Design is functional, he went on to declare, noting that at so many levels, it gives ad agencies the “chance to properly interrogate the brief”. That’s something that happened on Havas London’s ‘Black Plaque Project’ – a campaign to educate people in the UK about the Black contribution to the history that surrounds us. Although the central idea began as a PR-generating campaign, Lorenzo detailed how design thinking expanded it beyond the plaques themselves and made the idea more powerful, augmenting the sites of the black plaques with deeper, richer stories. “Let [design] functionally unravel the challenge,” he said.

Design is conceptual, Lorenzo asserted next. At art schools, Vicki joked that “if you were a shit graphic designer, they put you into advertising” and many in advertising, she suggested, have a chip on their shoulders as result, thinking that designers can’t have big ideas. The fact is, of course, that everyone comes to a brief differently. Look at Havas’ recent campaign for Vanish – ‘Me, My Autism & I’, which featured, as part of the broader campaign, an exhibition about items of clothing that are important to women with autism. One designer repeatedly rejected Lorenzo’s ideas, he proudly recounted, before showing the idea she came up with of using the clothing itself as typography. An idea that worked perfectly from the brief - and didn’t come from the creative department.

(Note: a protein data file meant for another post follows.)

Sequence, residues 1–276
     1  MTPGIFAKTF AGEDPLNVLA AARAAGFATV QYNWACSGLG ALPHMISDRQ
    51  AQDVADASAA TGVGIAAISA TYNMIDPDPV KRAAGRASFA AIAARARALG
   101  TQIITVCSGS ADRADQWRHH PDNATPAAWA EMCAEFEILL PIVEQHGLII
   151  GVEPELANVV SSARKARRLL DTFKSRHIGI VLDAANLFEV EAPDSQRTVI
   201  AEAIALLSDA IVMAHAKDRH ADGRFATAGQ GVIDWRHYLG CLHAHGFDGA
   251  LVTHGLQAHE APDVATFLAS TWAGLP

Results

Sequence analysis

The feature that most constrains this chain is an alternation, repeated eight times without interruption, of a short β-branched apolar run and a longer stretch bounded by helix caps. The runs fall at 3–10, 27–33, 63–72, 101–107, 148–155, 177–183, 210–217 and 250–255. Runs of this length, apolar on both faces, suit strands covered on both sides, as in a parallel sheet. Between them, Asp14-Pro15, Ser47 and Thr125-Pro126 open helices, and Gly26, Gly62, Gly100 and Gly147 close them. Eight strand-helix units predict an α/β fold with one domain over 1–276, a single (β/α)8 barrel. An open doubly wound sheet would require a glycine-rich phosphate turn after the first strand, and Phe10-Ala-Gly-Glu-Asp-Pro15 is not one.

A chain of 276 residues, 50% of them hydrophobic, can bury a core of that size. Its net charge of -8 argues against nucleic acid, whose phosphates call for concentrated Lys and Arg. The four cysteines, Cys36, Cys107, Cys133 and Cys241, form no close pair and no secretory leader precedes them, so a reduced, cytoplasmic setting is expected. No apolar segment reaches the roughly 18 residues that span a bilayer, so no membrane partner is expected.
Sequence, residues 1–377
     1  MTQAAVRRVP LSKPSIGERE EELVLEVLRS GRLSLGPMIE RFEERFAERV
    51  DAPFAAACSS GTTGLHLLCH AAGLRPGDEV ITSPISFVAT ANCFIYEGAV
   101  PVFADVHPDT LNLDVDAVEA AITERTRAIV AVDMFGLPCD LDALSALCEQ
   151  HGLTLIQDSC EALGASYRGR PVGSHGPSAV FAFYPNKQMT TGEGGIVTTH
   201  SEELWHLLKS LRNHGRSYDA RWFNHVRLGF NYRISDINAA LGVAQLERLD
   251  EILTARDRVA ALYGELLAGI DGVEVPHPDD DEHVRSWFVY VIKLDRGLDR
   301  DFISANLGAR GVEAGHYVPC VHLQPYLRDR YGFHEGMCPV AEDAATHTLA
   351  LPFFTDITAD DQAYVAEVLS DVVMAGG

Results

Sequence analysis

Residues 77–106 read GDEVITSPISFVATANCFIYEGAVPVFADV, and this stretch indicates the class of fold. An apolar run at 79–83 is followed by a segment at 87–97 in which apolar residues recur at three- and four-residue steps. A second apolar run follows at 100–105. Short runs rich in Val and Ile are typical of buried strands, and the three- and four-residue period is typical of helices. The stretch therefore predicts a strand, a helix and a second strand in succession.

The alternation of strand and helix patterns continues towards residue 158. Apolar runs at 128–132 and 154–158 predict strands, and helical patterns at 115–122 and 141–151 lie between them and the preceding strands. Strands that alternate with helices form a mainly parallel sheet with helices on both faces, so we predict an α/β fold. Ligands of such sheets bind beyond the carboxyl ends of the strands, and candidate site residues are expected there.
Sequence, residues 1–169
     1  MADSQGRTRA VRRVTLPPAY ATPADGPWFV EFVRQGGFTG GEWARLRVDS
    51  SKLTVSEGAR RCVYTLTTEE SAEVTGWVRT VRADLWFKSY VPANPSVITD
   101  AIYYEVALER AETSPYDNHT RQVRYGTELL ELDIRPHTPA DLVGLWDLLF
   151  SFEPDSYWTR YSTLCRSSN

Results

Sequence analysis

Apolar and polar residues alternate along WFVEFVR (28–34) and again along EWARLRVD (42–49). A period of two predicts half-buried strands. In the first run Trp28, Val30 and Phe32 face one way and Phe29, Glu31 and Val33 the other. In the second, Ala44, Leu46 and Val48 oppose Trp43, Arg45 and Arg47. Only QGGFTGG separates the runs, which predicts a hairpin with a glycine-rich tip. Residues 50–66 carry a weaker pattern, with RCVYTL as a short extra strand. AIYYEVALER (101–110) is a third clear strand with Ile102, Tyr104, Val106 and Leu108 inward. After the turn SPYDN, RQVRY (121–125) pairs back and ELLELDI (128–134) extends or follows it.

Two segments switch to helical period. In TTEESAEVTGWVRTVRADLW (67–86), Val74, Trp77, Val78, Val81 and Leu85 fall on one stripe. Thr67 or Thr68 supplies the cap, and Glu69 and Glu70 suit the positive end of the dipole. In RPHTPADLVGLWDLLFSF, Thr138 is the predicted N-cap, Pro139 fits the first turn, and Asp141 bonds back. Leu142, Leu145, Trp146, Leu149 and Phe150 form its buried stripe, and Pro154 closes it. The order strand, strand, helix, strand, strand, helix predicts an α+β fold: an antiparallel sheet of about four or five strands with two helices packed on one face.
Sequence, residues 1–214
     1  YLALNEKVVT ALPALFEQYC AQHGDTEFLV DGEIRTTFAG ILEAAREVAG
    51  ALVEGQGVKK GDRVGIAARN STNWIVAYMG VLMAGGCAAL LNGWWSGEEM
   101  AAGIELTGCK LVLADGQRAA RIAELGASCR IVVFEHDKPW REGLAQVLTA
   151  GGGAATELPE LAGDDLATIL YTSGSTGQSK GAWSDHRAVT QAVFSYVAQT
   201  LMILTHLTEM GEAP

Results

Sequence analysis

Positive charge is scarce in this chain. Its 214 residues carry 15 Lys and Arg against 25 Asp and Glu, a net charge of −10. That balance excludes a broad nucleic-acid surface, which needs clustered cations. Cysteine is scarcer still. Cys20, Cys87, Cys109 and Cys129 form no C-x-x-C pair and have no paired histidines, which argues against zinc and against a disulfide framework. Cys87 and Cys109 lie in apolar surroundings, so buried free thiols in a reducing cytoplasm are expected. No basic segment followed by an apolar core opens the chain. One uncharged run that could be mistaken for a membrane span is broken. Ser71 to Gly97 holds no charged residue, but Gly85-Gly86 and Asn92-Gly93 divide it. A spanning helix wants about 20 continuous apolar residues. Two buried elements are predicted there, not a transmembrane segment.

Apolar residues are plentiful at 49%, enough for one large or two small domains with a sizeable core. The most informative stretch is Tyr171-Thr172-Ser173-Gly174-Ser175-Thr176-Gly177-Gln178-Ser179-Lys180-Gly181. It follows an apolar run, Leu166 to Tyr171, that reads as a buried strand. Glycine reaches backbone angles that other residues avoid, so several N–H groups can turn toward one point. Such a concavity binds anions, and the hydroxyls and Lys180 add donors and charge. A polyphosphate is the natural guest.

Design is still about the craft, as no one would dispute. Designers want to keep making for their whole careers, said Lorenzo. “That obsession is key in all good design.” Havas London recently showed this level of design craft in the detail of its Positive Impact Report, which was made to mark the company’s new status as a B-Corp. All the decisions in the design process responded to a sustainability brief, from the typeface to the ink used to the paper laced with wildflower seeds so after reading, it can be planted. Every detail added up to the central story of the project.

If you go along with all that, some simple changes can elevate design within your ad agency. The first step, Vicki and Lorenzo agree, is to make your designers partners of creative, not another department. Share the process. “No more of this white smoke coming out of the creative department like we’re choosing the next fucking pope,” said Vicki.

Next, pull up a chair next to designers. Not behind them.

The rest is about attitude towards the designers in your agency. Respect them, listen to what they bring to the table, and learn from them.

Vicki pointed at her chief creative officer title: “Bullshit, I know. But if somebody else has that title, why not me?” The same principle applies to chief design officer, she suggested. If more and more CDO titles appear, it will catch on and it will signal a change in advertising’s attitude to design. As Vicki sees it, that will be “giving it its due value and worth.” She said she loves working in a holding company because they get to do big work that makes an impact in culture. “We work on massive fucking brands that get their way into culture.” And she’d like to see more great design permeate through the campaigns Havas does with those clients. “I would love someone to nick a six sheet I’ve done for a BOGOF at ASDA because it looks so good… Elevating design is exactly how we’re going to do it.”

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Havas UK, Tue, 09 May 2023 15:16:02 GMT